Enable AD Users with Out-GridView

Sometimes it requires just a couple of lines of code in PowerShell to produce highly useful helpdesk tools. Here is one that displays all currently disabled AD users. You can select one (or many by holding CTRL), and once you click OK, these users will be enabled:

#requires -Version 3.0 -Modules ActiveDirectory
Search-ADAccount -AccountDisabled |
  Out-GridView -Title 'Who should be enabled?' -OutputMode Multiple |
  # remove -WhatIf to actually enable accounts
  Enable-ADAccount -WhatIf

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Turning AD User into a Hash Table

Sometimes it could be useful to load all attributes from a given AD user into a hash table. This way, you could edit them, and then use Set-ADUser with its -Add or -Replace parameters to apply them to another user account.

Here is how you read in all AD User attributes into a hash table:

#requires -Version 3.0 -Modules ActiveDirectory 

$blacklist = 'SID', 'LastLogonDate', 'SAMAccountName'

$user = Get-ADUser -Identity NAMEOFUSER -Properties *
$name = $user | Get-Member -MemberType *property | Select-Object -ExpandProperty Name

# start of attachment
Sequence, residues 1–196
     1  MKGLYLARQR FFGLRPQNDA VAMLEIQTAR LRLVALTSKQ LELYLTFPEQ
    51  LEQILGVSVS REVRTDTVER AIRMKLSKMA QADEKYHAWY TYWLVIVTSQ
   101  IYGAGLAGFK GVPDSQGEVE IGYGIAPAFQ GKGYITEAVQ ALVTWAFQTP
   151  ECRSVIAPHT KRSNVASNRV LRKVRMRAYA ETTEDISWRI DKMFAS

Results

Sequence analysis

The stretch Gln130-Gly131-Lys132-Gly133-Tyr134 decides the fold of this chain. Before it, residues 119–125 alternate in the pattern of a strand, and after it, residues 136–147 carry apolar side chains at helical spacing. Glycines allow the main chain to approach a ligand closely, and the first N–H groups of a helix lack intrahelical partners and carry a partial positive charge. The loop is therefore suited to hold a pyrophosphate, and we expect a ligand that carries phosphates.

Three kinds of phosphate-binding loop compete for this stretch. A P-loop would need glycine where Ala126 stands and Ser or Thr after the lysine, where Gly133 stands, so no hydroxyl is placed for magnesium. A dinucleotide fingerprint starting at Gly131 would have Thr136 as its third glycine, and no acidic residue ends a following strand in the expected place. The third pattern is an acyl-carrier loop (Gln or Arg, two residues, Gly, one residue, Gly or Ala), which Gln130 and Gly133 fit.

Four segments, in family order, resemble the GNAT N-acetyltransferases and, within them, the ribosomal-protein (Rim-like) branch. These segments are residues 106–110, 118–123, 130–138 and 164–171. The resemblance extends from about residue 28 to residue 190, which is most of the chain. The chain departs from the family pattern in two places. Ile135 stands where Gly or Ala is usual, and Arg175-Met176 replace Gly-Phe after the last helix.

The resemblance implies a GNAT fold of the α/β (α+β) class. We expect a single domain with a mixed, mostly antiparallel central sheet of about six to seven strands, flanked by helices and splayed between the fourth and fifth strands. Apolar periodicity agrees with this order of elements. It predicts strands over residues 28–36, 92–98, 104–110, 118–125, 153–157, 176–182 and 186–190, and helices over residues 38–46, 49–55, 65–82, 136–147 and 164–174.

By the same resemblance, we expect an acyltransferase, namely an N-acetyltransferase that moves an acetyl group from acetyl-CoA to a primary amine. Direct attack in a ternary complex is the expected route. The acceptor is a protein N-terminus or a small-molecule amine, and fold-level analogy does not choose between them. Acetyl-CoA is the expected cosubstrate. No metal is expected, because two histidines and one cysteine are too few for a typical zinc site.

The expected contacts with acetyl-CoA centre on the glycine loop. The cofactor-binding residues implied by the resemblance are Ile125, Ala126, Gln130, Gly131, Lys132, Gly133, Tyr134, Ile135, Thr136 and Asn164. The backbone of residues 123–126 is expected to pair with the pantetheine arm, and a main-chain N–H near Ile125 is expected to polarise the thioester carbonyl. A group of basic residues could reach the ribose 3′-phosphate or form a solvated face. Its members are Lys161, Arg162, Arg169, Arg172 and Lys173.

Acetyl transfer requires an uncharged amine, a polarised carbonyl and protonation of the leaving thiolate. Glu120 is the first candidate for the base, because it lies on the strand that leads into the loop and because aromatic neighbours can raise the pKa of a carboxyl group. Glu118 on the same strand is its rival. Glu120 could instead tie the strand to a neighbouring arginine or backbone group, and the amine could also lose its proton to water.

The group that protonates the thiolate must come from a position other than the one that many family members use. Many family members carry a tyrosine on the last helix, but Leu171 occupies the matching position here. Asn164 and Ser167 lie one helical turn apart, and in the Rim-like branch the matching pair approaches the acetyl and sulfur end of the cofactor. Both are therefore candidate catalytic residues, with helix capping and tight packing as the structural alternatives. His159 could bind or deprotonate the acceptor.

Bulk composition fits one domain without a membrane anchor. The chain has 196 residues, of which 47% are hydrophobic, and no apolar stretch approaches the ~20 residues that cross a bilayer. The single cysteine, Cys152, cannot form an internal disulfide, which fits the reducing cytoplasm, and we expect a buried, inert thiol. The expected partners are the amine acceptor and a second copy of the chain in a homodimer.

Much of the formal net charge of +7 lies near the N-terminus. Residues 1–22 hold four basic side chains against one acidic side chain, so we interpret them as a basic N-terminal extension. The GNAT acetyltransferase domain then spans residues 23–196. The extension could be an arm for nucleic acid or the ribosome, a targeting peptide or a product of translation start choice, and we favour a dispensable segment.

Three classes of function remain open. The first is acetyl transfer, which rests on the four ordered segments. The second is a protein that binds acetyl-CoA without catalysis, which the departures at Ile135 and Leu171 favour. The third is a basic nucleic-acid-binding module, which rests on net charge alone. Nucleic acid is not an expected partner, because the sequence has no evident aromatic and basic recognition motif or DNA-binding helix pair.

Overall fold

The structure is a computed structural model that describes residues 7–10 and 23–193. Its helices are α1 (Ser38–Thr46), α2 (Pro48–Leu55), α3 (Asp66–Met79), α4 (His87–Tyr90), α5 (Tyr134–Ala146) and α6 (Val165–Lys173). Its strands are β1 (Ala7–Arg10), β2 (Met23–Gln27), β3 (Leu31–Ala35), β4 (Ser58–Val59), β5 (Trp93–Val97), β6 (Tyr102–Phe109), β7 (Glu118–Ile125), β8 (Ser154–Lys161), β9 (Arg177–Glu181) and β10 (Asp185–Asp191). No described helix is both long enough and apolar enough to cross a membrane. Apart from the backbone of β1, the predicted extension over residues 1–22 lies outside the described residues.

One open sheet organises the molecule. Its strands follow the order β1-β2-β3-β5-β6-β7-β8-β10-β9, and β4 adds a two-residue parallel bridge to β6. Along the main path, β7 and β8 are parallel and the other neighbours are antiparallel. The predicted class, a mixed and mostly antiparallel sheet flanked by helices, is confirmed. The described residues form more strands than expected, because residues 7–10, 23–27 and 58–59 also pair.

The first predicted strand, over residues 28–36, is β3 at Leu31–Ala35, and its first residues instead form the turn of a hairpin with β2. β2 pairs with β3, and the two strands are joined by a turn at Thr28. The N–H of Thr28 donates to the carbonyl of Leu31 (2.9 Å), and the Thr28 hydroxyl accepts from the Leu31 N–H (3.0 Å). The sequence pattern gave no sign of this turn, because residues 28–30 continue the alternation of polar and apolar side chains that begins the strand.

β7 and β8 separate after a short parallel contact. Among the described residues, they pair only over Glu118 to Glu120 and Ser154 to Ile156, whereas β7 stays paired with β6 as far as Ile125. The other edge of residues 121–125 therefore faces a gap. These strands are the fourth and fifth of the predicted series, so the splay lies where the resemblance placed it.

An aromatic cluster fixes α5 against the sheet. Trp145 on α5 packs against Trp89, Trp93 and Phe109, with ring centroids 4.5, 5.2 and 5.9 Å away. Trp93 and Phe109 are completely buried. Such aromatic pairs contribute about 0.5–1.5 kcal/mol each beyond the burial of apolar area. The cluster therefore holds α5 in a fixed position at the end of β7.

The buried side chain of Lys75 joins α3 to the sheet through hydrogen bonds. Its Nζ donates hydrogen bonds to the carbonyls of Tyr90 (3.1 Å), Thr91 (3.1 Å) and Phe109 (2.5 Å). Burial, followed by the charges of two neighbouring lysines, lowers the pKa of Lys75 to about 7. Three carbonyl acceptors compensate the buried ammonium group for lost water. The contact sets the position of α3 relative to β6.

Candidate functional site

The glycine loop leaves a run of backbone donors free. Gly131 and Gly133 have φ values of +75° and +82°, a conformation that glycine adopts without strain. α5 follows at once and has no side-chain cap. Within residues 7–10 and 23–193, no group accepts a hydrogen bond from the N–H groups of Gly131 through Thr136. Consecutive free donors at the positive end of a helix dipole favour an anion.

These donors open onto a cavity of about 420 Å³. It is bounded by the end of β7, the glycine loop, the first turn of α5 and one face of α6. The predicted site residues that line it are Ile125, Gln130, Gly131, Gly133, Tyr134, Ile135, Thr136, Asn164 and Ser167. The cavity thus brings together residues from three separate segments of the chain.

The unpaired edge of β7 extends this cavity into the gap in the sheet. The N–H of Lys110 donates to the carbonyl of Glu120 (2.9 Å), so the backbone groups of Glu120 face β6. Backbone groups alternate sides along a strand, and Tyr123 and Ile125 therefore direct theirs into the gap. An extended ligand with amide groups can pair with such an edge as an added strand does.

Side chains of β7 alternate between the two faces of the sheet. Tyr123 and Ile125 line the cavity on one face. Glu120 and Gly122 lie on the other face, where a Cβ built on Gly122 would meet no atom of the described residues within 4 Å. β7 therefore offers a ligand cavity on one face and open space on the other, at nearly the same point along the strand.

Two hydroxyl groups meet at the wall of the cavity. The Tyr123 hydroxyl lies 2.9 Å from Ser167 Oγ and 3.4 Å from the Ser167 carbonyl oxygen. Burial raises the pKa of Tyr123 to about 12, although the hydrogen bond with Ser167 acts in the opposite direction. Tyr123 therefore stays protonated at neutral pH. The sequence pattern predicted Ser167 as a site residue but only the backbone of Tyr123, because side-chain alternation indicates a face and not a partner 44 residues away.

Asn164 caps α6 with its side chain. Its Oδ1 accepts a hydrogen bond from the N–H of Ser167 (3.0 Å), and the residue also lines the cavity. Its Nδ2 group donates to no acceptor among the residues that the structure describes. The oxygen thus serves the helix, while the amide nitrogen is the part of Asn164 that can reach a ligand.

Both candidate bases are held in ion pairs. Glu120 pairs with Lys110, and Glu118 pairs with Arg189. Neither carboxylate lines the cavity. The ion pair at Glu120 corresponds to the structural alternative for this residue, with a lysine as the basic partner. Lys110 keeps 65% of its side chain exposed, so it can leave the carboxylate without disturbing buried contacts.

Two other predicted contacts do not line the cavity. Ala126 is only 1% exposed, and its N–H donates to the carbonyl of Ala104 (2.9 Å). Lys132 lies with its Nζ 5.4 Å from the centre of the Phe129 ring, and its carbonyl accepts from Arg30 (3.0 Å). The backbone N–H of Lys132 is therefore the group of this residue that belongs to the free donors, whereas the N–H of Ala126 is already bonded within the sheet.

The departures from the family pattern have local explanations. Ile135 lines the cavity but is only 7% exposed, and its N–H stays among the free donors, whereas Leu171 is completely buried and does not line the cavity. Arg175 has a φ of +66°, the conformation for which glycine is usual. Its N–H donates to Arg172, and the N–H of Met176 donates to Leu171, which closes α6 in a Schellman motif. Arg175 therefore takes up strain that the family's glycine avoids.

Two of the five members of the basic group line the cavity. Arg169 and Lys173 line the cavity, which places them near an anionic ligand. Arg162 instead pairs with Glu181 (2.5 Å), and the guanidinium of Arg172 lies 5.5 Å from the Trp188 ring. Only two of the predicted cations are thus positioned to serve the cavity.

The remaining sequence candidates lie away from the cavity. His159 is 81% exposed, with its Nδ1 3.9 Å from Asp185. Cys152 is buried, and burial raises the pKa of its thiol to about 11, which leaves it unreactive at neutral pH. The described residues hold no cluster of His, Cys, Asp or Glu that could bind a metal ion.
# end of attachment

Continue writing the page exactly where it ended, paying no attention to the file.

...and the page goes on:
$hash = [Ordered]@{}
$name | 
  Sort-Object |
  Where-Object {
    $_ -notin $blacklist
  } |
  ForEach-Object {
  $hash[$_] = $user.$_ 
}

Note the use of $blacklist: this list can contain the names of any attributes you want to exclude.

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Cloning Folder Structures (with NTFS Permissions) – Part 2

In the previous tip we illustrated how Get-FolderStructureWithPermission can document and create a list of all nested folders in a structure, along with their respective NTFS security settings. The result could be saved in a variable, or serialized to disk using Export-Csv

Today we show you the second part: once you have the information about a given folder structure, here is Set-FolderStructureWithPermission. It accepts a path to a folder in which you would like to clone the folder structure, plus the structure information itself that you got from Get-FolderStructureWithPermission:

#requires -RunAsAdministrator

function Set-FolderStructureWithPermission
{
  param
  (
    [String]
    [Parameter(Mandatory)]
    $Path,
    
    [Object[]]
    $folderInfo
  )

  $folderInfo | ForEach-Object {
    $relativePath = $_.Path
    $sddl = $_.SDDL
    
    $newPath = Join-Path -Path $Path -ChildPath $relativePath
    $exists = Test-Path -Path $newPath
    if ($exists -eq $false) 
    { 
      $null=New-Item -Path $newPath -ItemType Directory -Force 
    }
    $sd = Get-Acl -Path $newPath
    $sd.SetSecurityDescriptorSddlForm($sddl)